But what is our shared loved at church? Are we just communities to join without a shared passion?

Commitment to Jesus

If I had to guess, the vast majority of people who still might be looking for a church in 2016 are not looking for a social commitment to church.

As a millennial, I never lived in the era of social commitment or social pressure to go to church. While most of my peers growing up weren’t interested in church, nor exposed to it beyond Christmas and Easter, the ones who did express interest did not do it for the social commitment.

My church going peers were interested in following Jesus.

Now, imagine someone is looking for a church. They are looking for a church with a commitment to following Jesus at its core and they show up at a social commitment church. It would be like showing up for a soccer team that stopped playing soccer years ago, and who instead gathers for coffee and donuts with friends and family. But this gathering of people still call themselves a soccer team.

Now imagine members of that “soccer team” wringing their hands week after week over the fact that no one wants to join the team to clean up coffee and pick up the donuts. You can see why soccer players looking for a team wouldn’t join. You can see why many members of the team left a long time ago.

As churches try to understand why all the attempts to attract people back to church haven’t yield better results, I think it is because the core foundation that brings most church communities together is fundamentally at odds with what people who are looking for churches are seeking today.

If I had to guess, that if people are looking for church these days, they are doing it in the same way that someone would look for a soccer team. A soccer player looks for a team because they love soccer. A church seeker is looking for a church community because they love Jesus and want to follow him. They are not looking for a church because they love church.

And it goes deeper than that. If getting people to church is the chief concern, than we will always be looking to draw people in.

But if following Jesus, and letting people know about this gracious, merciful and compassionate God, is at our core, we will reach out. And reaching out to let people know about Jesus, may or may not include more bums in pews. Either way, building the church is not the goal, but at best is a symptom of reaching people with Jesus.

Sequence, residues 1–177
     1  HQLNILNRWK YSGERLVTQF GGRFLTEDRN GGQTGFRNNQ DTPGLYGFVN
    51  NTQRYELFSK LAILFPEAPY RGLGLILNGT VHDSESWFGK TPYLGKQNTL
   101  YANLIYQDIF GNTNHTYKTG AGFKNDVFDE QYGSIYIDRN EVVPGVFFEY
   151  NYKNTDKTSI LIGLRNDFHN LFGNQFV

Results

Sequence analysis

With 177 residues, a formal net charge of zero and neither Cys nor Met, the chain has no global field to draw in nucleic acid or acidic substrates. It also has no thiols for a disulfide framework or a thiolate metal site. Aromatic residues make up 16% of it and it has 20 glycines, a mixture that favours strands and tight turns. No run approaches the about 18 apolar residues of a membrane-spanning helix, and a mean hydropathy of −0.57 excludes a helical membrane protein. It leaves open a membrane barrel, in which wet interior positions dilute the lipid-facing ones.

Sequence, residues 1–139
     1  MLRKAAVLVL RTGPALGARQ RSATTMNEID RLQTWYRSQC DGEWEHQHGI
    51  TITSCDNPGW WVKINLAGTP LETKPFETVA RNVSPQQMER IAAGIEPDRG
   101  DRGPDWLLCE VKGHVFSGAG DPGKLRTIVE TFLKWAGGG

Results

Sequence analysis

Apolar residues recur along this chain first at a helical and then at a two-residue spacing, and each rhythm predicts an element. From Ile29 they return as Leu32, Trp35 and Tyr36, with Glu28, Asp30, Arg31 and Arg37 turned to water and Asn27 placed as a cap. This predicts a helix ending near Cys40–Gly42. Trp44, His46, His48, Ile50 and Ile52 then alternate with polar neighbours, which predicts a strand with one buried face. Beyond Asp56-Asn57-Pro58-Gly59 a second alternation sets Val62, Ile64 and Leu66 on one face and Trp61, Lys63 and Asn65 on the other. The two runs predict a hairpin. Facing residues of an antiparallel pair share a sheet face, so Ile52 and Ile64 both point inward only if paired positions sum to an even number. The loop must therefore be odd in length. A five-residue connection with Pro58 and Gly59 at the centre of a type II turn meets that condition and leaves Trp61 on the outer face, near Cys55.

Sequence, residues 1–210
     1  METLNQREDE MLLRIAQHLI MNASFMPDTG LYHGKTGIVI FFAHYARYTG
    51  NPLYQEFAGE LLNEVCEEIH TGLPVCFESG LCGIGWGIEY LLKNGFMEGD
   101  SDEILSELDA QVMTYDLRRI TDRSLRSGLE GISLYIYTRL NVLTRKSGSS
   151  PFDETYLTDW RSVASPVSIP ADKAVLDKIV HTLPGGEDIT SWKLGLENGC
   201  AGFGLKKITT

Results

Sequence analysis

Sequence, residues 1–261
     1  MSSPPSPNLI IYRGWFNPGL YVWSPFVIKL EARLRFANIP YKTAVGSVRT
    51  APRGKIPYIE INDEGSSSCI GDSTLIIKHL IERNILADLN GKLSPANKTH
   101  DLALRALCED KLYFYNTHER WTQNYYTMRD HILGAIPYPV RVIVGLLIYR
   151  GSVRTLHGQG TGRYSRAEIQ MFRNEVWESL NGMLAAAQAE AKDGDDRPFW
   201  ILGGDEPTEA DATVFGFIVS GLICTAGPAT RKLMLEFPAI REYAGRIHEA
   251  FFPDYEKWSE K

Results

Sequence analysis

So how can churches address this? How can churches built on the social commitment to church have the conversation about the fact that the very thing that brings them together as a community is their biggest problem?

With a lot of soul-searching, a lot of questions, a lot of discerning and a lot of prayer. Changing our foundations and cores will not be easy. In fact, many churches will choose to die instead of changing to the core of following Jesus.

Despite the social commitment at the core of our churches, I think that many churches and church members do want to follow Jesus too. And it isn’t that a church has to choose between being a community or following Jesus. One doesn’t exclude the other.

But churches DO have to choose what is at their core. Churches need to choose the foundation that gathers their community.

Is it a social commitment to church?

Or are we followers of Jesus whose shared passion brings us together?


What is the core passion that brings your church together? How can churches change their core? Share in the comments, or on the Facebook Page: The Millennial Pastor or on Twitter: @ParkerErik

Two weeks after the empty tomb – What now?

John 21:1-19

Jesus showed himself again to the disciples by the Sea of Tiberias; and he showed himself in this way. (Read the whole passage)

Sermon

My first day of being a pastor was a Sunday. There was a big celebratory service with special music, excited friends and family to cheer me on and a happy congregation. The day before I had been ordained, another big celebratory service with special music and crowds of family and friends. I took Monday as my day off. And then on Tuesday morning, with nothing in my schedule and as the only employee, I wandered over to the church building. I stood in my office wondering, “Okay, now what do I do?”

The third Sunday of Easter is a bit like that moment. Two weeks ago was the big service and celebration with special music and crowds. Last Sunday things died down, but it was still the after-party with Jesus appearing to the disciples and then to Thomas. But today, while resurrection is still heavy on our minds, we are left wondering now what?

John’s gospel tells us about the disciples who were in the same boat… literally. The disciples to whom Jesus has appeared to twice in the span of a week and empowered them for the ministry of the kingdom decide that fishing is the obvious next step. Peter, to be precise decides that now after following Jesus around for 3 years, witnessing miracles and teachings, the triumphal entry, the crucifixion, and the empty tomb that going back to what he knows is best. And few of the others agree, James and John sons of Zebedee, along with of all people scholars Thomas and Nathanael.

On the other hand, in Acts we hear about Saul on the road to Damascus. He is not two week removed from the resurrection, but about 10 years. Yet, the events of Easter have inspired him to zealously and murderously persecute Christians. And Ananias, the fearful follower of the way is hiding in fear, precisely of people like Paul.

All of these disciples, or soon-to-be followers of Jesus, have been affected by the events of Easter differently. They all make different choices in how to react to the resurrection, but they also share a similar experience. They are struggling to make sense of what the Risen Christ means for them and for their world. They have heard the Easter stories, they have lived them in fact, but they are as lost as anyone in how to move on from that world changing moment.